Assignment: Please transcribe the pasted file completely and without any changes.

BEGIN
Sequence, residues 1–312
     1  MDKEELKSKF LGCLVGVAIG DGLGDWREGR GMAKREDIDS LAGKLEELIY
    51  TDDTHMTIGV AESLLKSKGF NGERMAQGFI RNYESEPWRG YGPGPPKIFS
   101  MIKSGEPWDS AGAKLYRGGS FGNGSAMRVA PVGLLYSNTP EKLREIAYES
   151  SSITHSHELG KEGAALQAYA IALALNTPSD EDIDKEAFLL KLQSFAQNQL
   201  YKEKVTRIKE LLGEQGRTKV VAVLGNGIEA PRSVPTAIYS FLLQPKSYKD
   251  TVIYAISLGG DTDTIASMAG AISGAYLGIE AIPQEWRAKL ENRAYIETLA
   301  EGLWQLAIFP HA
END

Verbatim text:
Sequence, residues 1–312
     1  MDKEELKSKF LGCLVGVAIG DGLGDWREGR GMAKREDIDS LAGKLEELIY
    51  TDDTHMTIGV AESLLKSKGF NGERMAQGFI RNYESEPWRG YGPGPPKIFS
   101  MIKSGEPWDS AGAKLYRGGS FGNGSAMRVA PVGLLYSNTP EKLREIAYES
   151  SSITHSHELG KEGAALQAYA IALALNTPSD EDIDKEAFLL KLQSFAQNQL
   201  YKEKVTRIKE LLGEQGRTKV VAVLGNGIEA PRSVPTAIYS FLLQPKSYKD
   251  TVIYAISLGG DTDTIASMAG AISGAYLGIE AIPQEWRAKL ENRAYIETLA
   301  EGLWQLAIFP HA